Friday, November 29, 2019

Being Thankful for…Rejections? Why I’m Grateful to the People Who Rejected My Early Work



On our writers’ blog, Ruth Harris and I say we made the mistakes so you don’t have to. And I sure made my share. Maybe more than my share.

I got an agent with my first query!
When I started querying agents, I scored the pot at the end of the rainbow with my very first query. I was such a newbie, I didn’t even know how impossibly lucky this was.

I was still a working actress in Southern California when I sent off a very early draft of The Best Revenge to an agent who was referred to me by a friend in the business. It was a prestigious agency in Los Angeles, and I didn’t think I had a snowball’s chance in Hades.

But a couple of weeks later, I got a phone call. Yes, an actual call, from a delightful man with a British accent who said he thought the book was hilarious and he wanted to “send it around.” No mention of a contract. That should have been my first clue.

And then I heard nothing. For weeks. And months. I’d read in Writer’s Digest that you’re never supposed to phone an agent, so I didn’t call. After about six months, I sent a “follow-up” letter. (This was long before email.)

Two months later—a full eight months after my “acceptance”— my manuscript, in its stamped, self-addressed manuscript box, landed back at my house. I can still remember the sound of “thump, thwack, slide” as it skidded across the concrete patio.

Inside was a scrawled note. “John has left the agency and we understand he has moved back to England.”

Boom.

I was devastated. I felt hollowed-out and dead inside. It was like the time in 7th grade I found out that my first love, Chip Bessey, had asked Katrina Jagels to the Spring Hop instead of me.

I gave up writing for almost a year.

I Finally Get a Real Agent


Meanwhile, I wrote a play and had it produced and won some awards. I was having the success in the theater I thought I could never have in publishing.

But I also found the theater didn’t thrill me the way it used to.

And my itch to write novels was still there. I finally sat down and reread my manuscript and saw hundreds of flaws. I went back to my critique group and asked them to help me polish it up.
 
Jeff Herman's Guide was our Bible
I researched agents in a pricey copy of Jeff Herman’s Guide to Literary Agents—the only way you could find out about agents in the pre-Internet era.

I found one that looked good. Young, eager for new clients, and she had worked for the same agency with my sort-of agent from L. A.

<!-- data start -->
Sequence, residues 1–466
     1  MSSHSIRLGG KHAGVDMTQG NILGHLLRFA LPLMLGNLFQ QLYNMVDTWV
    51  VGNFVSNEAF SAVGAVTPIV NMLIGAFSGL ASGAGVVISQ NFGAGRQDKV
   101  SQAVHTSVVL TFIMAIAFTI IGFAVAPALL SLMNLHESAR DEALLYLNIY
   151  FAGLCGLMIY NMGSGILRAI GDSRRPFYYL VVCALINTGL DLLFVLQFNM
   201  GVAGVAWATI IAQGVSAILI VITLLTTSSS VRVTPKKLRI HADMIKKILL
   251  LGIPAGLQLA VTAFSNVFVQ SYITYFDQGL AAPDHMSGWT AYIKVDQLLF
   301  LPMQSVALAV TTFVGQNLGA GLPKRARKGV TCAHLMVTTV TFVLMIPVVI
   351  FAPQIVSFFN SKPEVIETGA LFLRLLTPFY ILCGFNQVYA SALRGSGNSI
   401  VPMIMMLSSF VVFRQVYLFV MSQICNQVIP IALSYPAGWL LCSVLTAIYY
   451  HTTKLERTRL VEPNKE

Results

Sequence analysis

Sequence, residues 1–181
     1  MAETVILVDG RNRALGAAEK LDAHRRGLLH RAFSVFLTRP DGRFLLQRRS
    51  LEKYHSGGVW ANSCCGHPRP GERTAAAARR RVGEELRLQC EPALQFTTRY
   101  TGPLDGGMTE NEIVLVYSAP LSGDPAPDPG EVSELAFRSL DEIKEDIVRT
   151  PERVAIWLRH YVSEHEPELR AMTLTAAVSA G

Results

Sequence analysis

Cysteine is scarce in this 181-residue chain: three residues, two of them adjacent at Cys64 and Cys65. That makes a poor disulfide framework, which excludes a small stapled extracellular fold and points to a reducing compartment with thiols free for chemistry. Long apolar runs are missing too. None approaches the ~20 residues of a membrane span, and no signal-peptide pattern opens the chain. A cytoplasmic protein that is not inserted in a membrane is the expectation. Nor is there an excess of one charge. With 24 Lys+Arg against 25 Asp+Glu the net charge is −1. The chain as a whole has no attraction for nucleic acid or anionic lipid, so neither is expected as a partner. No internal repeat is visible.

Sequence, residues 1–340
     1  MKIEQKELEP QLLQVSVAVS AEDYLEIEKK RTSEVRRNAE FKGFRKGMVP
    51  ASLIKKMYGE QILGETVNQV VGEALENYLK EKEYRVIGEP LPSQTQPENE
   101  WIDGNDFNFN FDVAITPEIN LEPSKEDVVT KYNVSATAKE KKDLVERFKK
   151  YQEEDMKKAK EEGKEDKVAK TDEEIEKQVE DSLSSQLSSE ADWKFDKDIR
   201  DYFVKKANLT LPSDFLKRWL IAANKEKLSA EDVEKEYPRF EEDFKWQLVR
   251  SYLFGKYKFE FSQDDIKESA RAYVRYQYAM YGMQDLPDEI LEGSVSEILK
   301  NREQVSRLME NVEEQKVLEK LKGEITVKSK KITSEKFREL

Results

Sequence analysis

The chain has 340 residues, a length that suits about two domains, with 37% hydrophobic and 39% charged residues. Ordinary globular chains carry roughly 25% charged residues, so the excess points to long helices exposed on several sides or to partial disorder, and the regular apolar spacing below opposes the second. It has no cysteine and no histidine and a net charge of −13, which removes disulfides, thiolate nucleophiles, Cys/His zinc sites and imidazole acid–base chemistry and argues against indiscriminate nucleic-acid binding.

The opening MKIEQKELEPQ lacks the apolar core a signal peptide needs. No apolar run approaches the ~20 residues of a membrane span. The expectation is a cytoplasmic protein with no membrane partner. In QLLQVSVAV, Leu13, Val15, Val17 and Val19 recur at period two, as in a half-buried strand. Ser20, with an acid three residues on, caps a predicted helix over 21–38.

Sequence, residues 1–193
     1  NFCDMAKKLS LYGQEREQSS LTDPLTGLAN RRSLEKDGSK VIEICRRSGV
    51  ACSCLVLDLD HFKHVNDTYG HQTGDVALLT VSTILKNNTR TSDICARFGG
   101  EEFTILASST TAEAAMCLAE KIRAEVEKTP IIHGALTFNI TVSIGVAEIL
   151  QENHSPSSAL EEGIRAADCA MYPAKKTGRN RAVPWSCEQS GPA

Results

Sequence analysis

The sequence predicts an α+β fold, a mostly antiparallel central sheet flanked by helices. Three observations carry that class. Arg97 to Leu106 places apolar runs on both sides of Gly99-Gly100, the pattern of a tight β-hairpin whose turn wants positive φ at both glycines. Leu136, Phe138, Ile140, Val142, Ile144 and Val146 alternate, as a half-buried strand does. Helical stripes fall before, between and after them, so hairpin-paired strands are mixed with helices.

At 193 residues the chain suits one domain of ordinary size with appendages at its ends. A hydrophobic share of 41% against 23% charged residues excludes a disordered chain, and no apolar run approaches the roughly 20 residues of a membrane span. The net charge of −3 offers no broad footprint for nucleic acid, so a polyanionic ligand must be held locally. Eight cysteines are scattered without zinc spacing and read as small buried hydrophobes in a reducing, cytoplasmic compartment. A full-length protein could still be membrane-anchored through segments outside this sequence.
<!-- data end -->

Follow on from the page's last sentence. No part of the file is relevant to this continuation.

She wrote back and asked for the full manuscript. A few months later I got the call. She wanted to rep me!

Meanwhile, I had a major tragedy in my life. My beloved Dad died. I also turned 40.

My mother reminded me that when I was small, I always used to say I wanted to live in a little cottage by the sea and write books.

So I pulled up stakes, sold my SoCal condo, and moved to the sleepy Central Coast. I bought a little 900 sq. ft house three blocks from the waters of Morro Bay.

I had an agent. And my cottage by the sea. I was going to be a real writer.

I started working on my magnum opus. This was the literary novel that was going to find me a place in the literary firmament.

You’re probably all laughing now. That’s not exactly how the publishing industry works.

Fear of Success…


Six months after I moved to the Central Coast, my new agent dropped me. Again, I was devastated. I managed to get some freelance writing work while I clerked in a couple of bookstores and sold antiques.
 
Photo of downtown Baywood by Paul Irving
I put The Best Revenge in a drawer and worked on that “big book.” And then wrote another, lighter one.

I started sending them out. And sending . I got rejections by the ton. Sometimes in return mail.

I did everything you shouldn’t.

·       I sometimes queried all three books at the same time.
·       I wrote my synopsis in a tiny font so it fit on one page—since so many agents asked for a “one page synopsis” in those days. (Who did I think I was fooling? I was only making it harder to read.)
·       I queried agents who didn’t represent my genre (s)
·       I didn’t even know what genre to say I was writing, so I improvised according to what the agent was looking for.
·       I wrote terrible query letters. Not enough hook & way too much about me and all the nonfiction articles I was writing.
·       I faked personalizations, once even saying I was going to a writers’ conference where the agent was slated to speak—even though I had no intention of going.

Is it any wonder the rejections stacked up?

I think I had a fear of success.

But I think that was because I knew, deep down, that I could do better. And that took time. I think my freelance writing helped me improve. Plus all the research I was doing on agents also taught me about the publishing industry and how it works.
I was collecting lots of rejections

Without that time to grow and learn, I don’t think I would have succeeded in this business. I was too naïve and would have got myself in all kinds of trouble.

Two more Agents!


Finally  I started doing some things right.

·       I went to writers conferences,